J&J snaps up Idorsia’s resistant hypertension candidate, paying $230M

Jean-Paul Clozel
Idorsia CEO Jean-Paul Clozel

Swiss biotech Idorsia spun out of Actelion before it was taken over by Johnson & Johnson earlier this year, but the big pharma has confirmed it will still play a big part in one of its lead products.

J&J’s Janssen Biotech unit just exercised a $230 million option to partner with Idorsia on aprocitentan (ACT-132577), a drug for resistant hypertension that hit its objectives in a phase 2 test earlier this year and is due to start registration trials early next year.

Idorsia gets $160 million of the fee right away, with the remainder booked as contract revenue over the next three years—adding to its healthy cash position, which was $1 billion at the time it separated from Actelion in June. J&J’s $30 billion takeover deal with Actelion included an option on aprocitentan—one of four Idorsia pipeline drugs in phase 2—and gave the brand-new biotech a line on a deep-pocketed partner from the off.


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Idorsia is headed by Actelion founder Jean-Paul Clozel, who consented to the takeover deal with J&J only after the two parties agreed to hive off certain R&D projects into the spinoff company.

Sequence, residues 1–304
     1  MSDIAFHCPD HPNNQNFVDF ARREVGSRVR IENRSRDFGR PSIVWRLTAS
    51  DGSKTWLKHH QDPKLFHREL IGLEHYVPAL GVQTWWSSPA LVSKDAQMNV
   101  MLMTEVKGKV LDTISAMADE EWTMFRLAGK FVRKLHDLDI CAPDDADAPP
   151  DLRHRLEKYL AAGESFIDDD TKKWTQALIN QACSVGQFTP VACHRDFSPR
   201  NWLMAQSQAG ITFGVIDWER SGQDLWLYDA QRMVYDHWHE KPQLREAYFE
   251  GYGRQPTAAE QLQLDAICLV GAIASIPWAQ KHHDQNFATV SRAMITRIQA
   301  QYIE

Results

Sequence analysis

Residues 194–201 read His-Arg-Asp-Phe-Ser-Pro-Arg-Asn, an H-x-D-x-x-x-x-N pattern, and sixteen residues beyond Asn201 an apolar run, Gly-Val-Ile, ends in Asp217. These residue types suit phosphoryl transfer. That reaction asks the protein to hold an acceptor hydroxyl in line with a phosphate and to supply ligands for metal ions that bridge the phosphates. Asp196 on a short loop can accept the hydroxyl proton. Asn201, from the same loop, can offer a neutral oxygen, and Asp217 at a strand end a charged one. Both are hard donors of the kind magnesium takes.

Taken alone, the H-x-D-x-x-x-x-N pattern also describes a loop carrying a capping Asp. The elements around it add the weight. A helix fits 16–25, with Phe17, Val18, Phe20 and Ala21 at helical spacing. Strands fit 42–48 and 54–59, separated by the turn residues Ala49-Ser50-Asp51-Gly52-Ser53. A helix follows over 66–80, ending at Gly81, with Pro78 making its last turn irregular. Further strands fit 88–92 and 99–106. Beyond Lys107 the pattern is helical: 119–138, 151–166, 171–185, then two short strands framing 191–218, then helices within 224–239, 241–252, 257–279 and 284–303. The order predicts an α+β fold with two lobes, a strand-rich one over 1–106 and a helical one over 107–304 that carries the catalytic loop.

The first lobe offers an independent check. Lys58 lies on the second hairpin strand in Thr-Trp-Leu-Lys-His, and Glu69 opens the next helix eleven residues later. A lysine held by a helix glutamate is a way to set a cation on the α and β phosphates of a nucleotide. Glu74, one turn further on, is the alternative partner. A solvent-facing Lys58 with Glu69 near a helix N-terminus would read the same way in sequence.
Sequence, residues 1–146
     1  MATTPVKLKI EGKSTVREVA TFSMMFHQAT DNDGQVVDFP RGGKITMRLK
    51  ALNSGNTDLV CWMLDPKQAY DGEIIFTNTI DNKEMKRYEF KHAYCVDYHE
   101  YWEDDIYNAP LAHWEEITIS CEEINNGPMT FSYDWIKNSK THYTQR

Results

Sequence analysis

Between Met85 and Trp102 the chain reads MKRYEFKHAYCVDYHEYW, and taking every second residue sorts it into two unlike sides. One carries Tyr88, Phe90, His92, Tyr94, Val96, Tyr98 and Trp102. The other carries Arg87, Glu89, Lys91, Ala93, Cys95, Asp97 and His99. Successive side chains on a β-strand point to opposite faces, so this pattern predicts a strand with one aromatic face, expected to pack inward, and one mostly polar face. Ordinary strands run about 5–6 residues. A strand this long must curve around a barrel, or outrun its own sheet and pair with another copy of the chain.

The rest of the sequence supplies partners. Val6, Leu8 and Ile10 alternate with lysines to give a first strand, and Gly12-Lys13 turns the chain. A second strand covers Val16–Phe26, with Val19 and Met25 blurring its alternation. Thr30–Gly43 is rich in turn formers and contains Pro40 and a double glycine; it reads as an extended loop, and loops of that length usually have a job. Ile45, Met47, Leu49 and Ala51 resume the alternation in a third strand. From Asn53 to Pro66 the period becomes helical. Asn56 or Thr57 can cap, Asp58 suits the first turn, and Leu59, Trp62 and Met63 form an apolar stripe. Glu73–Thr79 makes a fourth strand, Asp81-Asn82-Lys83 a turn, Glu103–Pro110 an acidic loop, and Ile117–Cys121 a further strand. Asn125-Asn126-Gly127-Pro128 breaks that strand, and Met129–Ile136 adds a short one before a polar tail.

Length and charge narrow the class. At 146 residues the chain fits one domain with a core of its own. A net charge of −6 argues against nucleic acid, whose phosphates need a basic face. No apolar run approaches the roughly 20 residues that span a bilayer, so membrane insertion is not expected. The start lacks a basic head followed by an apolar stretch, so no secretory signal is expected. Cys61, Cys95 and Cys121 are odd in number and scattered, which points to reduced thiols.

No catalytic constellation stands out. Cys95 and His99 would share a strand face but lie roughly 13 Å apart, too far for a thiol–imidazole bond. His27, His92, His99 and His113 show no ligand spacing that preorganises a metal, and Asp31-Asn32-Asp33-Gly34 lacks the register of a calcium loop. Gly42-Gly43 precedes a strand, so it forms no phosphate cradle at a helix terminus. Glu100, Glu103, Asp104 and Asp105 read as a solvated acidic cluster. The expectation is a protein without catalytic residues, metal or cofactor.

The two companies now say they intend to split phase 3 development trials for aprocitentan in resistant hypertension, with Janssen selling the drug if it reaches the market and paying Idorsia 20% to 35% royalties depending on sales levels.

Janssen’s decision to come on board follows a review of the recent trial data, which showed statistically significant reductions in mean diastolic and systolic blood pressure in patients with resistant hypertension, as well as an end-of-phase 2 meeting with the FDA.

Aprocitentan is a dual endothelin receptor antagonist that draws on Actelion’s three decades of experience in this drug class, which has yielded big-selling products such as pulmonary arterial hypertension therapy Tracleer (bosentan)—now off-patent—and follow-up Opsumit (macitentan).

The new drug is a metabolite of macitentan and is being developed for patients whose high blood pressure is uncontrolled despite the use of at least three antihypertensive drugs, a group which is at a much higher risk of cardiovascular disease.

According to Indorsia’s chief scientific officer, Martine Clozel, there could also be scope for the drug beyond resistant hypertension. “Aprocitentan can be envisioned to have many other potential applications [which] makes the collaboration with Janssen even more meaningful for us," she remarked.

Shares in Idorsia spiked on news of the licensing deal but fell back quickly. The stock is still trading at more than twice its CHF 10 (around $10) debut price, currently knocking on the door of CHF 22.

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